In a forest with ponchos, of course
Halcyon recently caught up Graveyard’s Axel Sjöberg after their American tour. Hailing from Gothenberg, Sweden, Graveyard plays psychedelic rock n’roll recalling Pentagram, the heavy riffs of ever-influential Sabbath, updated with the blues-fueled sounds of Heavy Cream. While Graveyard has been acccused of being conjoined twinsies to Sweden’s other Pentagram-inspired doom metal favorite, Witchcraft, I think they stand on their own- though perhaps in the same mystic forest as their Swedish compatriots. Graveyard, for one, has a slightly jazzier feel, with more open areas of free-spirited explorations, freaked-out drumming and bluesy, improvisational sections. Their recent album, was recorded in analog by Don Ahlsterberg (Soundtrack of our Lives, The International Noise Conspiracy, Division of Laura Lee), lending them that classic Swedish-garage grit that still manages to maintain a certain pop sensibility.
How has tour been going—what’s one of the best and worst memories so far? Which club has the best booze in the rider?
It went just fine. We’ve been playing with excellent bands and have been very well recieved everywhere. Clutch’s toumanager treated us to a tequila called Don Julio which was great! New Orleans was very boozy, our van got towed…
Graveyard's First show Opening for Witchcraft
So can you talk a little bit about how you guys started Graveyard? How did you all meet each other? Why the name Graveyard?
We all knew each other from before, some of us played in another band together. It was just time to play good rock. The name is simple and straight forward and stands firmly in a good tradition founded by black sabbath and other great bands.
You are nothing without a Pentagram t-shirt
Sweden has a great legacy of heavy psychedelic bands in the late 60’s, from November, Vatten, and beyond—and with current record labels like Dungen’s Subliminal Sounds putting out represses and new music, continues to foster next level psychedelia. How do you think the Swedish music scene has influenced you, if at all?
A lot! There’s a lot more bands than the one you just mentioned, too many to start listing. Sweden has had a very vivid and high quality music scene since the ´late 50s late 60s.
I read that after being together for just a few months, you created a two track demo, played a few shows, and pretty quickly you guys had an album released through Tee Pee- can you talk about how this all went down?
Ambition, quality and luck. Tony teepee liked some other bands from gothenburg and he liked our artwork on our myspace. The rest is history.
People have made plenty of statements regarding your sound, I,e. drawing from heavy bands such as Black Sabbath, Pentagram, Blue Cheer- but how would you sum up how you see your sound?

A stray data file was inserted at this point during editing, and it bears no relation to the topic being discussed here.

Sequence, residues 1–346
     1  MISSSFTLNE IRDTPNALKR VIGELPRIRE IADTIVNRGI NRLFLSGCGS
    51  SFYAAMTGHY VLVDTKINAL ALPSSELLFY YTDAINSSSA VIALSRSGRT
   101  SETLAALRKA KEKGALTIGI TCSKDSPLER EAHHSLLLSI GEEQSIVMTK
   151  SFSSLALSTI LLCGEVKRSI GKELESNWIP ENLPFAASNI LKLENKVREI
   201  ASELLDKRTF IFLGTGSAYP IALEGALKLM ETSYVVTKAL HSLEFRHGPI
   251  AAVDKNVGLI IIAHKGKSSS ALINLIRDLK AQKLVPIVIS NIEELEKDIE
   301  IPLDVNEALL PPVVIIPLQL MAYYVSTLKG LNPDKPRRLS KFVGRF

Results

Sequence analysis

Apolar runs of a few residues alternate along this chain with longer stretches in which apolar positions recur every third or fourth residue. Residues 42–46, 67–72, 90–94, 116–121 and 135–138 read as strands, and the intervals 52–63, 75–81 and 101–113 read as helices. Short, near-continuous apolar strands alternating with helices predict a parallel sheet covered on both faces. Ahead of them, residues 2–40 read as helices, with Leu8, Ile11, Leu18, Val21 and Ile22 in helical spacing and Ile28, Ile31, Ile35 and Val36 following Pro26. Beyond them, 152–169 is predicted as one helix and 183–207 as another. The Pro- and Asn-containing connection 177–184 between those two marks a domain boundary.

You can’t deny those influences but you cannot reduce it to just that either. We hope that people can hear timeless good rocking. much blues in it. blues is the foundation to everything that’s good.
What’s your song writing process like?
A mishmash. Lot’s of jamming and everybody contributing and then sometimes someone comes to rehearsal with something’s that almost finished. Then when we record, our producer Don has a say too.
I read that you recorded with Don Ahlsterberg, who also did Swedish greats Division of Laura Lee, International Noise Conspiracy- why did you choose to record with him, and what was it like working with him?
‘Cause he’s excellent. He was a friend of a friend. Has an analogstudio. Great engineer and knows everything about sound.
Why’d you choose to record in analog?
There is no other way. Warm and nice.
Cover of Graveyard's recent release
Can you talk a little bit about the album artwork?
An old friend of us did it. He had a rare form of epilepsy (check the spelling). He didn’t have fits, he hallucinated instead, but appeared to function as normal to others. The condition got worse all the time, so he killed himself. The cover is the last painting he did. It’s really big, like 6 meters wide. Great artist.
Can you walk us through some of your favorite songs on the album, your inspiration behind writing them, what you think works well, etc?
No, I don’t think so. The songs are not the same songs to me now as when we recorded them, we played them so much and some of them have changed a lot playing live. We never play right is wrong, but that might change. We all write lyrics too, so they all mean different things to each one of us. I just hope that people like what we put down and let them do the interpretation themself.
What are some other bands out there today who you admire? What’re some of the best shows you’ve seen?
Different answer on different days. We just saw one of the final shows that the Hellacopters are doing now that we got home to sweden. That was one of the mightiest experiences in a long time. So fucking tight and well played, and Nicke is a fucking excellent songwriter too. In general people should check out Horisont from Gothenburg, friends of us.
What advice would you give to other bands who want to play music full time?
Dedication, musical honesty, beer and jamming. And expect to a broke ass motherfucker that can have a lot fun if all goes well.
What’s on the horizon for Graveyard?
Writing new material, maybe releasing a song or two late winter, more touring. Hopefully making it back to the states soon.
Visit the band’s myspace HERE
Click HERE to visit Tee Pee records and pick up their album